• Estimate cost of debt using market rates of Boeing’s
corporate bonds.
• Boeing’s long-term debt consist entirely of two bond
issues
• Calculate weighted average of the market rate these
two issues to arrive at a combined rdebt:
rdebt
=
rdebt =
Vbond1
V
r bond1 + bond2  rbond 2
Vbond 1+2
Vbond 1+2
234.5
37
 0.0973 +
 0.0931 = 9.67%
234.5 + 37
234.5 + 37
Weighted Average Cost of Capital
(WACC)
rWACC
E
D
= requity + rdebt  (1 - t )
V
V
• Insert values for rdebt, requity and the relative
equity and debt proportions:
rWACC =
14896.76
271.5
 18.10% +
 9.67%  (1 - 0.34 ) = 17.89%
14896.76 + 271.5
14896.76 + 271.5
rWACC = 17.89%
Impacts of Economic Climate and
Impending War
Long Term Impacts
• β is a weighted sum of β’s for each division:
• Changes in revenue from each division will affect β
of each division
• Factors affecting Commercial Division’s β:
• Long-Term economic growth due to war spurring
commercial air travel
• Factors affecting Defense Division’s β:
• Increased demand for and spending on defense
products by government due to war
Impacts of Economic Climate and
Impending War
Short Term Impacts
• Events in Kuwait led to increase in fuel
prices
• Increased expenditure for airlines leads to
price increases for customers
• Temporary dip in passenger air traffic
• Temporary decrease in demand for Boeing’s
commercial division
• Since the Boeing 777 project is 35 year long
project, long-term impact is more relevant
Revenue/Cost Scenarios &
Project Profitability
Key Assumptions
• Key Assumptions Impacting Cash Flow:
•
Revenue Assumptions:
•
•
Sales Price
Sales Volume
Expenditure Assumptions:
•
•
•
R&D (as % R&D Expense / Sales)
GS&A (as % GS&A Expense / Sales)
Revenue/Cost Scenarios &
Project Profitability
Sensitivity Analysis
Revenue Assumptions: Sales Volume
and
Sales Price
Extreme Low
Expected
Extreme High
Sales Volume
(Units)
700
1000
1200
Sales Price
($ Millions)
$100
$130
$130
IRR
13.9%
18.9%
20.6%
WACC = 17.894 %
Revenue/Cost Scenarios &
Project Profitability
Sensitivity Analysis
Expenditure Assumptions:%R&D/Sales and %GS&A/Sales
Extreme Low
Expected
Extreme High
% GS&A/Sales
7
4
1
% R&D/Sales
5
3
1
IRR
13.5%
18.9%
23.5%
WACC = 17.894 %
Revenue/Cost Scenarios & Project
Profitability
Assumptions and Real World Forces
• Revenue Assumptions: PESSIMISTIC Impact
• Sales Price: McDonnell Douglas/Airbus Industries
competition (Sales Price = $100M)
• Sales Volume: High gas price reduces demand to 700 units
• Expenditure Assumptions: OPTIMISTIC Impact
• R&D: Boeing could leverage defense knowledge (R&D
reduced by 20% = $3.2-$4M or 2.6% R&D Expense/Sales)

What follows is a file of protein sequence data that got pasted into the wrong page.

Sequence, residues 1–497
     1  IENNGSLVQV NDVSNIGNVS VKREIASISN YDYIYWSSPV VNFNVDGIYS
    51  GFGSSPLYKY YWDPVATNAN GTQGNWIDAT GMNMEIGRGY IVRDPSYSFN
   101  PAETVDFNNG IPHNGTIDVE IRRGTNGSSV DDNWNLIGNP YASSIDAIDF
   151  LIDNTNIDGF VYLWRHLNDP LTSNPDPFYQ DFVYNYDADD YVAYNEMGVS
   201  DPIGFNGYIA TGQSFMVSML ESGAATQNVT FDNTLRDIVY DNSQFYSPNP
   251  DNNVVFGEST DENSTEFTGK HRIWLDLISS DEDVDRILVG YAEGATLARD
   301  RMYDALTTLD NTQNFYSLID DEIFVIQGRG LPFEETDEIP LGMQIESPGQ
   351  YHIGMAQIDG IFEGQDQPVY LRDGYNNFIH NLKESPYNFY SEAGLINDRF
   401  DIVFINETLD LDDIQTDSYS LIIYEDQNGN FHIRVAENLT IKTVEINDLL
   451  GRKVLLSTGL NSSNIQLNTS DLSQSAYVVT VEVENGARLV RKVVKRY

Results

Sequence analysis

• GS&A: None specified, assume at baseline (GS&A = 4%)
Revenue/Cost Scenarios & Project
Profitability
Revenue Assumptions: Pessimistic
• Pessimistic Sales Price = $100M
• Pessimistic Sales Volume = 700 units
Pessimistic
Price Only
Pessimistic
Volume
Only
Pessimistic
BOTH
Expected
Sales
Volume
(Units)
1000
700
700
1000
Sales Price
($Millions)
$100
$130
$100
$130
16.1%
16.3%
13.9%
18.9%
IRR
WACC = 17.894 %
Revenue/Cost Scenarios & Project
Profitability
Expenditure Assumptions: Optimistic
• Optimistic %R&D Expense/Sales = 2.6%
• Optimistic assumes baseline GS&A at expected = 4%
Optimistic %R&D
Expense/Sales
Expected
% GS&A/Sales
4
4
% R&D/Sales
2.6
3
19.5%
18.9%
IRR
WACC = 17.894 %
DCF Analysis of Boeing 777
• DCF Analysis supports Boeing 777
Project
•
IRR = 18.9 %
(expected case)
> WACC = 17.894 %
• Real World Forces may impact Key Assumptions,
however some Pessimistic Forces likely Short
Term
•
Revenue Assumptions – PESSIMISTIC
•
Expenditure Assumptions – OPTIMISTIC
DCF Analysis of Boeing 777
Limitations of DCF Method
•
Static Model
•
Static assumptions projected for entire project – unrealistic
Real World Factors create uncertainty in modeling:
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External Threats (including competitive landscape)
Interaction/Interdependence of divisions/projects on one another
Organizational Learning/Efficiency, Reduced Expenses Over Time
Sunk Costs
The Boeing 777 Case Specifically:
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•
•
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Competition and sales
Organizational learning and R&D expense
Ignores sunk costs of R&D expenses prior to October 1990
Recommendations
• Continue to innovate and invest
• Need to update fleet and replace aging products
• Decide which investment is correct:
• Boeing’s 777 fills a gap and serves a fast-growing
Asian market
• 777 project IRR’s range from 13.6% (pessimistic) to
23.6% (optimistic) while discount rates range from
10% - 20%
• Project IRR exceeds baseline discount rate
• The above data supports the strategic advantages
of investing in the Boeing 777 launch
Alexis Heideck ● Eduardo Lioy ● Jonas Angeles
Keya Williams ● Ritwik Malvi